“Other effective area-based conservation measure” means “a geographically defined area other than a Protected Area, which is governed and managed in ways that achieve positive and sustained long-term outcomes for the in situ conservation of biodiversity, with associated ecosystem functions and services and, where applicable, cultural, spiritual, socioeconomic, and other locally relevant values”
Additionally, four criteria for OECM identification were also agreed along with guidelines: the area must not be currently recognized as a protected area; the area must be governed and managed; the area must be sustained, and effective contribution to in situ conservation of biodiversity must be achieved; and ecosystem functions and services and cultural, spiritual, socio-economic and other locally relevant values must be supported.
This draft definition, criterion, and guidelines will be considered for adoption by the CBD Parties at the 14th Meeting of the COP (COP14) in November 2018 in Sharm El-Sheikh, Egypt. Once adopted, there will be an international set of standards for OECMs that are officially recognized as commitments against Aichi Target 11. Parties will then have to move quickly if they want to identify areas and count them towards the current 2020 conservation goals.
Ultimately, the new standard that is OECMs offers a valuable opportunity for sustainable use sectors and biodiversity. They have the potential to highlight and further encourage the many efforts by all sectors in contributing toward in situ biodiversity conservation, and to increase ecological representation, as well as connectivity, which will add to the benefit provided by traditional MPAs. Given that IUCN has set even larger global targets for area-based conservation (30% by 2030), OECMs have the potential to play a large role in biodiversity conservation targets now and into the future.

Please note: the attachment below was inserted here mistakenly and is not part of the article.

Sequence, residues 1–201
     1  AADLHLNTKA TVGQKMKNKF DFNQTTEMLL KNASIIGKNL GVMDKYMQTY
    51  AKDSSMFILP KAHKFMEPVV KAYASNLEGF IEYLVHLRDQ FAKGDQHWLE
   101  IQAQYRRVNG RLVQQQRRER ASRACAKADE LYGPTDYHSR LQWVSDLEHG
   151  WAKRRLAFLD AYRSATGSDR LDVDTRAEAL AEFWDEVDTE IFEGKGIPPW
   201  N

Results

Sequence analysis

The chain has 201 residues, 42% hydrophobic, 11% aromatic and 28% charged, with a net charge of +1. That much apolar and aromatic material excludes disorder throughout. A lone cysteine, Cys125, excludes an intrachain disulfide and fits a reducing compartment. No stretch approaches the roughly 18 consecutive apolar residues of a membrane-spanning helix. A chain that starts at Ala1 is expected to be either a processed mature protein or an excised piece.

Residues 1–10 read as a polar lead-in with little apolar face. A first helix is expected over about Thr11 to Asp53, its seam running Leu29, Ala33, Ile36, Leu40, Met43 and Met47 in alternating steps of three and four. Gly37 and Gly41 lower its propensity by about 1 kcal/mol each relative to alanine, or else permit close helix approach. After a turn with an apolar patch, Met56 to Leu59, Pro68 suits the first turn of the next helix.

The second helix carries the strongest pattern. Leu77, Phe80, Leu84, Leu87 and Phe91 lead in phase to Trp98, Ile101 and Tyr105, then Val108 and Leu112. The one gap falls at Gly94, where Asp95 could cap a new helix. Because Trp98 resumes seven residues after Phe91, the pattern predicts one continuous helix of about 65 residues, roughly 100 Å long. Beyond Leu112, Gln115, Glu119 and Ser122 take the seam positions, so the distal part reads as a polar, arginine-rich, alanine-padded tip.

However, we need to move cautiously to ensure that reporting of OECMs captures effective conservation. Without strict data standards and proper reporting mechanisms, OECMs could easily become “paper OECMs” and consequently lead to “paper goals.” The SBSTTA proposed that the WDPA should be responsible for tracking OECMs in addition to tracking MPAs. If the WDPA requires management effectiveness and biological monitoring data for reporting, acceptable OECMs could actually be more rigorous than most MPAs. However, there is an issue in the practicality of assessing OECMs, as many countries may not have the resources for data monitoring, collecting, and reporting.
As OECMs become mainstream in marine conservation under different names, get the recognition they deserve, and are extended or newly implemented due to their new recognition, the global community will have to strike a balance between making areas more inclusive and requiring strict data requirements. What this compromise will be has yet to be determined, but its consequences could be far reaching for how successful countries are in achieving both Aichi Target 11 and SDG 14.5.
Costello, M. J., & Ballantine, B. (2015). Biodiversity conservation should focus on no-take Marine Reserves: 94% of Marine Protected Areas allow fishing. Trends in Ecology and Evolution. Elsevier Current Trends. https://doi.org/10.1016/j.tree.2015.06.011
Lopoukhine, N., & Dias, B. F. de S. (2012). Editorial: What does target 11 really mean? PARKS, 18(1).
Sala, E., Lubchenco, J., Grorud-Colvert, K., Novelli, C., Roberts, C., & Sumaila, U. R. (2018). Assessing real progress towards effective ocean protection. Marine Policy, 91, 11–13. https://doi.org/10.1016/J.MARPOL.2018.02.004
UNEP-WCMC,(2018). Protected Planet: The World Database on Protected Areas (WDPA)
[On-line], October, 2018, Cambridge, UK: UNEP-WCMC and IUCN Available at: www.protectedplanet.net